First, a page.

Just like spring cleaning at home, summer projects are a ritual in development offices across the land. Once the fog clears from commencement, parking spaces and elevator room opens up, the cafeteria offerings begin to look noticeably lighter, vacations begin to empty the offices nearby, it is a great time to work on your program and help you solve some of the issues that caused you to have heartburn, a large Starbucks tab (or other vices) over the last year. Below are some of my ideas, but I would love to hear from you in the comments section what your summer plans are.
1. Is your acknowledgment process slow and clunky? Is it time to breathe new life into it with new letters? Look into how to streamline the process and find letters shared from colleagues here.
2. Do you endowment reports suck the life out of you? Is there a better way to pull together the data needed or to get students to cooperate? Are they pleasing your donors? Don’t know?
3. You may want to implement a survey or feedback mechanism so that you can find out if your work is fruitful and satisfies your target audience.
4. Did you recently attend a conference (hi Seattle folks!) and come back inspired? Want to implement a new idea you’ve seen elsewhere, perhaps on your favorite blog(ahem) or something that could increase your donor satisfaction and visibility? Now’s the time.
5. A few quick wins to increase the donor focus side of your shop. Work with your gift processing team to have the Donor Bill of Rights placed on every gift receipt. Work with your online giving team to make the online thank you and acknowledgment more donor friendly. Post the Donor Bill of Rights on your webpage. These three quick changes can show your donors your intent and make others more aware of their needs.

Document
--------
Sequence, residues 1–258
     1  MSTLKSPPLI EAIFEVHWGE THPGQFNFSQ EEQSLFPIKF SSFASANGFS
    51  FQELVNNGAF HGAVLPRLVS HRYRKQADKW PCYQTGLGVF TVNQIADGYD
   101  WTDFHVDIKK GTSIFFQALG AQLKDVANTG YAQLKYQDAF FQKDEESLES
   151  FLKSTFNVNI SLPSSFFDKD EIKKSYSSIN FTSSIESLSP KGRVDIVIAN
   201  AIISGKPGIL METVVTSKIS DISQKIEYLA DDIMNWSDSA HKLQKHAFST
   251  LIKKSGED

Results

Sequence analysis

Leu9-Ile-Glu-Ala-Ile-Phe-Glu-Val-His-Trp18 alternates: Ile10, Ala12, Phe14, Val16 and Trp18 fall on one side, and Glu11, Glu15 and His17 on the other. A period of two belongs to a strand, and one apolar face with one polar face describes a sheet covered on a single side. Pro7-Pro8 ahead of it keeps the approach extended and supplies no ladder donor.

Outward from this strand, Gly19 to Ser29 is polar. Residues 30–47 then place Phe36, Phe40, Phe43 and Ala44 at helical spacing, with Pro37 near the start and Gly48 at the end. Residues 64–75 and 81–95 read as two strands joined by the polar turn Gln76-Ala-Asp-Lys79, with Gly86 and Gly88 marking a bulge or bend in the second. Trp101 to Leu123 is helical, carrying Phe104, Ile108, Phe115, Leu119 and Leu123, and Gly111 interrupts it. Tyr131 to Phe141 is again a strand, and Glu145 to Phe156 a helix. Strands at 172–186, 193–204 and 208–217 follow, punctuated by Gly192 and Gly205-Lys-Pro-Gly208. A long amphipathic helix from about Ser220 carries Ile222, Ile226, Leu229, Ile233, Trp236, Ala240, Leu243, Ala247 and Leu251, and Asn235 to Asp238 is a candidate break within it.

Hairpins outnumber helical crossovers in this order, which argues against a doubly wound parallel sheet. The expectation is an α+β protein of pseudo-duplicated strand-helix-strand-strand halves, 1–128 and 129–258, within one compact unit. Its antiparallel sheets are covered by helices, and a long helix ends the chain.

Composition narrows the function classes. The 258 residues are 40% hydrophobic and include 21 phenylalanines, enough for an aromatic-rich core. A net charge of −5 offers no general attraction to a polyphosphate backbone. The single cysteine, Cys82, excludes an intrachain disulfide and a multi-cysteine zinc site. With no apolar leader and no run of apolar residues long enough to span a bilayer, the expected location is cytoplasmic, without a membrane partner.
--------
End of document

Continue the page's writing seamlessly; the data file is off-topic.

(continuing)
6. Build a mission, vision and task/work calendar for your office. Let others know your beliefs, and also show them the projects you are working on so they can help understand your workload. Also, write down a list of all of the things that derailed your plans or otherwise interrupted your year. Analyze them and try to learn how to head them off at the pass to make your future smoother.
7. Analyze your budget. Look at places you overspent, look for hidden reserves and make sure your projects were worthwhile, both in donor focus and also fiscally. If you have budget reserves and need to spend them before the end of the fiscal year, here are some great ideas: high quality color laser printer, nametag printers (Dymo are best) professional development, consultant fees, digital video camera, organizational supplies.
8. Call up your vendors, they will give you ideas for the next big thing, send you samples and new catalogs for the new year and also let you know if any of your favorites are on sale. They are a great resource for trend information and what’s working right now.
9. Call a few colleagues in your industry. Benchmarking and sharing ideas is so valuable. You can commiserate, brainstorm, and talk to others who do what you do. Never forget how valuable your professional network is.
10.Talk to your staff(if you have one-- or yourself if you don’t, but be careful and do it with the door closed) and key stakeholders to find out if they have any new creative ideas that can help your program or your donors and try to implement at least one of those ideas in the coming year.
11.Take time to write thank you notes to those who have helped you succeed in the last year. Facilities staff, data folks, mail room personnel, all of the people who have gotten you out of a pinch or whose work makes your life easier. They will be surprised and delighted.
Finally, stop, take a deep breath and be appreciative for the wonderful careers we have ensuring that the many missions of our organizations help the world be a better place. And if you have trouble doing that, you can always work on your resume.
I would love to hear your summer plans in the comments below.